The important role of leaders in the process of promoting the ethical behaviour in the workplace has always been a discussed topic since leaders are supposed to set the tone for the behaviour as well as the goals of an organization. Furthermore, apart from positively influencing the behaviour in the workplace, an effective and ethical leader usually possesses potential to be promoted to higher positions in management, especially in such companies where leaders are put under pressure to perform well (Rubin, Dierdorff & Brown 2010, p. 216).
We will write a custom Essay on Importance of Leadership and Ethics in the Workplace specifically for you
301 certified writers online
Two Principles of Ethics and the Contingency Leadership Theory
When it comes to the principle areas of ethics, there are two different sides of the debate. On the one side of the argument there is deontological ethics while on the other – teleological ethics. The deontological side of the argument is linked to a general category of several theories of morality. These theories make a definition of the right actions within the framework of moral rules and duties.
Thus, the proponents of this point of view usually put a focus on the ethical act itself, paying little attention to what this act can cause. The most important aspect of the deontological point of view is the requirement for the right action, and the aim of the moral and ethical behaviour is for it to take place. Within the deontological framework, right stands apart from the good. This means that for the supporters of deontology, the moral action ends with its taking place.
The concept of deontology is opposed to teleological theory where the moral and ethical good lies in the consequence of the behaviour rather than the behaviour separately. In accordance with the teleological theory, all actions human beings perform are considered teleological since they first think about the means of an action in order to achieve a particular consequence. Thus, moral behaviour is directed by a goal.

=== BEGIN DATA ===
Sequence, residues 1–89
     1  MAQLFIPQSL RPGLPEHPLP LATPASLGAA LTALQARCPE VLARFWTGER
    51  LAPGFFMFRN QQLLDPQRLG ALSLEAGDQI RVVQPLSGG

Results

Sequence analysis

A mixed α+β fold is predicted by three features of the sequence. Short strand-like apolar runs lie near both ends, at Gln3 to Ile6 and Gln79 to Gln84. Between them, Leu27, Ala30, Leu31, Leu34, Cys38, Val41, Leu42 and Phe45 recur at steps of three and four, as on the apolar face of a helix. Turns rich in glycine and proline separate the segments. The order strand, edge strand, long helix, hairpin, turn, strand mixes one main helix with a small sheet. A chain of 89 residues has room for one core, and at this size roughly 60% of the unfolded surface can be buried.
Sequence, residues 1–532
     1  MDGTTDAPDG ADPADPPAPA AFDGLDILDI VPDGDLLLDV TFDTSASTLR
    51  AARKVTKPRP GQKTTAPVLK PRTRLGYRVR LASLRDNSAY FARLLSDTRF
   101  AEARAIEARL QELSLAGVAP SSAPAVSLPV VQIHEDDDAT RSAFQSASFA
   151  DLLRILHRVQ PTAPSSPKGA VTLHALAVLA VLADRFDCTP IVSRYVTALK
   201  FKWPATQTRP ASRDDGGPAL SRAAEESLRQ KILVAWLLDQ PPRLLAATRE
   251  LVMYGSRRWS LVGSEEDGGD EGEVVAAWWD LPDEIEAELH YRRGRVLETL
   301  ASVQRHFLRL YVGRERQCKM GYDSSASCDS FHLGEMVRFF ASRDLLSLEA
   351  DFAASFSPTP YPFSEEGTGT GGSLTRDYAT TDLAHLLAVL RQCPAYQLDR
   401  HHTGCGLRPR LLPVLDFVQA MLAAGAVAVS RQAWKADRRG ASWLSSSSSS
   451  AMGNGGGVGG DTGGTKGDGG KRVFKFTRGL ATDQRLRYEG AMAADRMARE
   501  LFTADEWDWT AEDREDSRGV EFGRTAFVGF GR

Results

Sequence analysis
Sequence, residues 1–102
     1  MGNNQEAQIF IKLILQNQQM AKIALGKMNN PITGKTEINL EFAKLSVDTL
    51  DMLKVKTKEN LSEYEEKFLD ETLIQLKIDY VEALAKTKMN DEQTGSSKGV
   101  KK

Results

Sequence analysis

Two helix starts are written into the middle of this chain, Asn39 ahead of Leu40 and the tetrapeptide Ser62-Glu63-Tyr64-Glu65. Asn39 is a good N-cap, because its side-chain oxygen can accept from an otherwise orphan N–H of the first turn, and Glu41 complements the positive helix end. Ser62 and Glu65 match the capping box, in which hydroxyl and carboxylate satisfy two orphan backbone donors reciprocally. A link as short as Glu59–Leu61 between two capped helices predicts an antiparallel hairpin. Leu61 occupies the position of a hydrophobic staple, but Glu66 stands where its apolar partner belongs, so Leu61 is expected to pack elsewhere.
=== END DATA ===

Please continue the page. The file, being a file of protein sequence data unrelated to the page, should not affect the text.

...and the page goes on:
For example, if a mother considers sending her son to the store on an icy day, she will take into consideration the consequences of her action. The son may fall on the slippery pavement and get an injury. From the point of view of teleology, all human behaviour can be divided into two directions: right or wrong, depending on what it causes (White n.d., p. 11).
To further explore the concept of ethical leadership, it is beneficial to review a specific leadership theory. Contingency theory has been chosen to achieve this aim. The contingency theory relates to the ‘refinement of the situational viewpoint’ (Bolden, Gosling, Marturano & Dennison 2003, p. 6) which puts a focus on the identification of variables in different situations, trying to predict the most ethical and moral style of leadership that will fit in a certain situation. Furthermore, the contingency theory is effective because it does not state that there is one particular style of leadership that will be fitting for all leaders.